Jared Kushner, President Donald Trump's son-in-law and a top White House adviser, is reportedly under FBI scrutiny as part of a probe into possible collusion between the Trump campaign and Russia.

Kushner is reportedly being investigated for a meeting with a Russian official in which the pair allegedly sought to establish a back-channel communications apparatus to discuss military policy in Syria.

Judge Andrew Napolitano said on "Fox & Friends" today that it's ridiculous that the mainstream media is playing this up as a "crisis."

He said the question is if it was a crime for Kushner to speak to Russian Ambassador Sergey Kislyak as a representative of then-President-elect Trump, and the answer is no.

He explained that it's common for representatives of an incoming administration to "get their feet wet" with foreign officials during the transition process.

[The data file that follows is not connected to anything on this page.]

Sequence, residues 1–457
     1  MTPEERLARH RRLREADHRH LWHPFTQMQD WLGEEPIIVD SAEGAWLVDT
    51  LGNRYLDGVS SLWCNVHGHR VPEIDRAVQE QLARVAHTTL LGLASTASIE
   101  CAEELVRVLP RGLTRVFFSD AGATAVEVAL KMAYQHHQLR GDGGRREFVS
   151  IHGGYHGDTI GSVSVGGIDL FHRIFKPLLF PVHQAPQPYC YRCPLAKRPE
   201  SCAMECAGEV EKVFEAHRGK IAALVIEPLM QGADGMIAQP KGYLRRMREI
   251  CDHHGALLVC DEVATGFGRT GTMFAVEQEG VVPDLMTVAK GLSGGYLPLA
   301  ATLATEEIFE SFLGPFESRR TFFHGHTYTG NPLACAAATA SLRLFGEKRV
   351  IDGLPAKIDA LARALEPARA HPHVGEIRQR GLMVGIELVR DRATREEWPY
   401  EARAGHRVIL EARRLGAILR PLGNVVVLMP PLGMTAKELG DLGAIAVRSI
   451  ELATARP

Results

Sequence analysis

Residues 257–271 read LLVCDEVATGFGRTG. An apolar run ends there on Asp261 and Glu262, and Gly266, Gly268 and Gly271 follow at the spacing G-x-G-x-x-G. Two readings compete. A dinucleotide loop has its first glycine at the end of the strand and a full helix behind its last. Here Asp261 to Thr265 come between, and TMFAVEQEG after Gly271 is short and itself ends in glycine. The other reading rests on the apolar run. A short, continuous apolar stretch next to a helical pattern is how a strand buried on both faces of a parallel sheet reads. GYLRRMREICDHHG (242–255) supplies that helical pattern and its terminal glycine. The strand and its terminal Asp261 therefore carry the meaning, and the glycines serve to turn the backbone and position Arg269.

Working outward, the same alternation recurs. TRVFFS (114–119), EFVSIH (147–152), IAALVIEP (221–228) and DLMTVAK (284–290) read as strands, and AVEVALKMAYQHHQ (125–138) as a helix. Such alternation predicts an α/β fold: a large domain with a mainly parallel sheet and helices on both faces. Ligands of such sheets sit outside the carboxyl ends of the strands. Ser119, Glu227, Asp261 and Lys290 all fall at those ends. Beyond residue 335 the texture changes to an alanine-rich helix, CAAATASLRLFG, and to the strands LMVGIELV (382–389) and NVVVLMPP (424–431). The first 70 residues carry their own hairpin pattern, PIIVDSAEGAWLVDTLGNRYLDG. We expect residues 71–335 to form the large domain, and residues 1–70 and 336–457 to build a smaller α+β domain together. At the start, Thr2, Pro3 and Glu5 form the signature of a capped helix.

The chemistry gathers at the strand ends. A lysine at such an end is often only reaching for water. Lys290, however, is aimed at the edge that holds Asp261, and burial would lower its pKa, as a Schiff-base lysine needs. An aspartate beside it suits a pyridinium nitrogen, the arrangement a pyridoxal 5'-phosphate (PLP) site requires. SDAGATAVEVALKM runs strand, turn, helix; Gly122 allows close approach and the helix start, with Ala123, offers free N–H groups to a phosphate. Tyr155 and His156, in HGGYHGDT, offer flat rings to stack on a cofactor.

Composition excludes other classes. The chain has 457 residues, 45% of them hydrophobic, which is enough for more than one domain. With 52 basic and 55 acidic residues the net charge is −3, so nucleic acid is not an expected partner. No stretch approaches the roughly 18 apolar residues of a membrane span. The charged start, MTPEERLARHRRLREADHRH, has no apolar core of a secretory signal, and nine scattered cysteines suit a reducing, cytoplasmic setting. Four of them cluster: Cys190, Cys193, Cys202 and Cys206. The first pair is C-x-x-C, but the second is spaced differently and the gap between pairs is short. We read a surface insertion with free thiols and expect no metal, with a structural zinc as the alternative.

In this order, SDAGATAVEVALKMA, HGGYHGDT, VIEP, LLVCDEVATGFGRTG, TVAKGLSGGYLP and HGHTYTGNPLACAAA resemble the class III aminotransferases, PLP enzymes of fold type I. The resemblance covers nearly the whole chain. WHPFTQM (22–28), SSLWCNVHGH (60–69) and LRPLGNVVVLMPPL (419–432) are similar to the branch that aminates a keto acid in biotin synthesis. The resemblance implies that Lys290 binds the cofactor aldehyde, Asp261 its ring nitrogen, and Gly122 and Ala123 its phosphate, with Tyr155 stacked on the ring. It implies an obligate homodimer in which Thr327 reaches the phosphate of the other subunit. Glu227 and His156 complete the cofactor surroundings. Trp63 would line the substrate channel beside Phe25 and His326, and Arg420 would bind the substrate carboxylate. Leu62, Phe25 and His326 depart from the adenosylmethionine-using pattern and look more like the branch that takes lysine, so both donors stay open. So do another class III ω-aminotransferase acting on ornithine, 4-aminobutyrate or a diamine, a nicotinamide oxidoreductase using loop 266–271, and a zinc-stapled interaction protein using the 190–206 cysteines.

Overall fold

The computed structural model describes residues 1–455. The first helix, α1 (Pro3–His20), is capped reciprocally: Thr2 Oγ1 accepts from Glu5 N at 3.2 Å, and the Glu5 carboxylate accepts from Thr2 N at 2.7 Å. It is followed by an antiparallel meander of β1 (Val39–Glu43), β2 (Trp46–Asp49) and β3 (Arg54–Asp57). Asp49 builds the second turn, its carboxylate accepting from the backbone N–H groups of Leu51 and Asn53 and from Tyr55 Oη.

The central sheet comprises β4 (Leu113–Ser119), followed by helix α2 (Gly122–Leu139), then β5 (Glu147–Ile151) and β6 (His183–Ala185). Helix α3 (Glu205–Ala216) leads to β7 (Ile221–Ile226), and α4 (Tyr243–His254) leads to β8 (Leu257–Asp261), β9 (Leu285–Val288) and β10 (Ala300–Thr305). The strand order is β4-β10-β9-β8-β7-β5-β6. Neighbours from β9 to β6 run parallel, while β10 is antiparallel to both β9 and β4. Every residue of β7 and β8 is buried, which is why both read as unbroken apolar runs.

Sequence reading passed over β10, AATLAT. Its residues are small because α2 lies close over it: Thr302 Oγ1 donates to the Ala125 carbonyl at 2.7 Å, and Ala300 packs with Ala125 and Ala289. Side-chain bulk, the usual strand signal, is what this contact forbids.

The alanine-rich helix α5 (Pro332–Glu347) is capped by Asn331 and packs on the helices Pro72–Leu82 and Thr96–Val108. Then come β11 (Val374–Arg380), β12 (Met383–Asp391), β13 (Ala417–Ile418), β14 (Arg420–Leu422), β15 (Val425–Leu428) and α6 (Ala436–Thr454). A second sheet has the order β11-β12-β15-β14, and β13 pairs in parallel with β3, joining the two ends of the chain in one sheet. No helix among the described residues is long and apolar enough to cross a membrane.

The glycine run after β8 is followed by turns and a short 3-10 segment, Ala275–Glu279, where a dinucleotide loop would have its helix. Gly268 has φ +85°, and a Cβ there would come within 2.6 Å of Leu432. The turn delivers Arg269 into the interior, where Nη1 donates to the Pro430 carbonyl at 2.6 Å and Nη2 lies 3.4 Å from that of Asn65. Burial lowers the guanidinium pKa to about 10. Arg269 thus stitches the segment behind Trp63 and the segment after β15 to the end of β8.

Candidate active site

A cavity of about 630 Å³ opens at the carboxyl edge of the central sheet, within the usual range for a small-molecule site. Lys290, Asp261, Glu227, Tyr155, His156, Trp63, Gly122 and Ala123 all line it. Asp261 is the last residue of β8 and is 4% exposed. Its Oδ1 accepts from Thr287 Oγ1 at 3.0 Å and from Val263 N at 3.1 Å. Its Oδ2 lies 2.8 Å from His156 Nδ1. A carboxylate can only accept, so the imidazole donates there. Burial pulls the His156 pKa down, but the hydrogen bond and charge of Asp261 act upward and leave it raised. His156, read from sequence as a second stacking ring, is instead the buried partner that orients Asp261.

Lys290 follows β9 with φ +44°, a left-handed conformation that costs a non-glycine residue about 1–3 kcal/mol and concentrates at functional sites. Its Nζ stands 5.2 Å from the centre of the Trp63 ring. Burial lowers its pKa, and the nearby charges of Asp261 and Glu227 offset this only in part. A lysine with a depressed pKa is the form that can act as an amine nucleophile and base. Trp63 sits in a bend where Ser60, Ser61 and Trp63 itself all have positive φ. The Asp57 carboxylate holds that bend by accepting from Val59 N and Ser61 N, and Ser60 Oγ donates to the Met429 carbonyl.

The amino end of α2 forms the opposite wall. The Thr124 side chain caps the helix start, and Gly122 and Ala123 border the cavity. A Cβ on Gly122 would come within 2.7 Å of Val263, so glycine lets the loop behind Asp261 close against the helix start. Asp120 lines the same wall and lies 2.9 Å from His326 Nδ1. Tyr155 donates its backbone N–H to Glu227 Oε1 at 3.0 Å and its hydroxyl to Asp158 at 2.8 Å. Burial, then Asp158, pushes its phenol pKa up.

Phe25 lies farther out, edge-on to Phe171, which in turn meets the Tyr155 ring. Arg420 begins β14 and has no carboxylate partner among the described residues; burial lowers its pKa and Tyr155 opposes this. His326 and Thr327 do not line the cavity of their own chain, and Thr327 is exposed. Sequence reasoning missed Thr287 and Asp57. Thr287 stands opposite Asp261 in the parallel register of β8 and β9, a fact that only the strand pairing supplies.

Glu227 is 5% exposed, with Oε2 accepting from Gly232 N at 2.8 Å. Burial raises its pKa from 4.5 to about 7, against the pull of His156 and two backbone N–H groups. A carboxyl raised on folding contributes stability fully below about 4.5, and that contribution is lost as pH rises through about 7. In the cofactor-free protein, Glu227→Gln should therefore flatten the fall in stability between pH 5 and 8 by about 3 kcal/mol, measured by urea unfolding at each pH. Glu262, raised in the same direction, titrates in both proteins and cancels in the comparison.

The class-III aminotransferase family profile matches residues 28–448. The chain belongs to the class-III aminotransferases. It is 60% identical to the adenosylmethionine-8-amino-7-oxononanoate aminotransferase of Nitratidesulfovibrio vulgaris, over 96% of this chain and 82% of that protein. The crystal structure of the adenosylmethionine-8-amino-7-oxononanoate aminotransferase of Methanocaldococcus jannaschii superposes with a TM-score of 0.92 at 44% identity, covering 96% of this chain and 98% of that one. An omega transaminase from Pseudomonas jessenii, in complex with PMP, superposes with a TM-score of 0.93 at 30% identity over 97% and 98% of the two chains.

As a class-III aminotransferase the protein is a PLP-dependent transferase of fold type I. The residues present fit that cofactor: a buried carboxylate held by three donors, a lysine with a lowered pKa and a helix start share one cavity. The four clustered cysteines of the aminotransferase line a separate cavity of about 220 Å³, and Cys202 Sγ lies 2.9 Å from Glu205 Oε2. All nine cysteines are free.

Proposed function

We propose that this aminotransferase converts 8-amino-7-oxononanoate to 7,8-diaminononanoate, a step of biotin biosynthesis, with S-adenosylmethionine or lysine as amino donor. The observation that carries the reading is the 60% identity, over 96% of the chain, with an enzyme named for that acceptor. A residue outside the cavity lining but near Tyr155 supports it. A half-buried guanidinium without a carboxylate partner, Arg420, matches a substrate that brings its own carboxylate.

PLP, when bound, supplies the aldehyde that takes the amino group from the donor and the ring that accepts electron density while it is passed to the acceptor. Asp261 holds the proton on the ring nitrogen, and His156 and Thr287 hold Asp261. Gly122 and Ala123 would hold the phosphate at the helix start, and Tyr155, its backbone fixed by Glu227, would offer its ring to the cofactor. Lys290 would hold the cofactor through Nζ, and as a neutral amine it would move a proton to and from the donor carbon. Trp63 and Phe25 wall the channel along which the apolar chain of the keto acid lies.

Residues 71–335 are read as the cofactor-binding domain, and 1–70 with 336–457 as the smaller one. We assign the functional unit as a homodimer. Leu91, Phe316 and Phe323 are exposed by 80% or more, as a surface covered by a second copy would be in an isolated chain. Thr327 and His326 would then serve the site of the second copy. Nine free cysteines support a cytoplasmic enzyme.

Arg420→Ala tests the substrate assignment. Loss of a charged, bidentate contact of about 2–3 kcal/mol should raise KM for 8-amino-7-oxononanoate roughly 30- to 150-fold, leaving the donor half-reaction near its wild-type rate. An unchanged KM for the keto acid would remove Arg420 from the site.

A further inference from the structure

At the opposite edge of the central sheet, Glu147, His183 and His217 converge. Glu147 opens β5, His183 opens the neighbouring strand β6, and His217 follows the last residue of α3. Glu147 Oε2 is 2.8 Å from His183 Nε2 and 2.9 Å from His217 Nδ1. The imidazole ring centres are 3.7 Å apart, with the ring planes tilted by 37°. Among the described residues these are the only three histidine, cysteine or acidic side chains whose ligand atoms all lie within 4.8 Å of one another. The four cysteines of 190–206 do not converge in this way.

"The only thing that could be criminal would be if Jared Kushner held himself out as representing the government of the United States of America. Extremely unlikely," Judge Napolitano said. "That is a potential crime, if he held himself out and if the Russians took action in response to what he said."

He said the other potential problem would be if Kushner did not disclose meetings with Russian officials during the FBI's background check.

"If he did not tell them about Ambassador Kislyak, well, then he would have a problem there," Judge Napolitano said.

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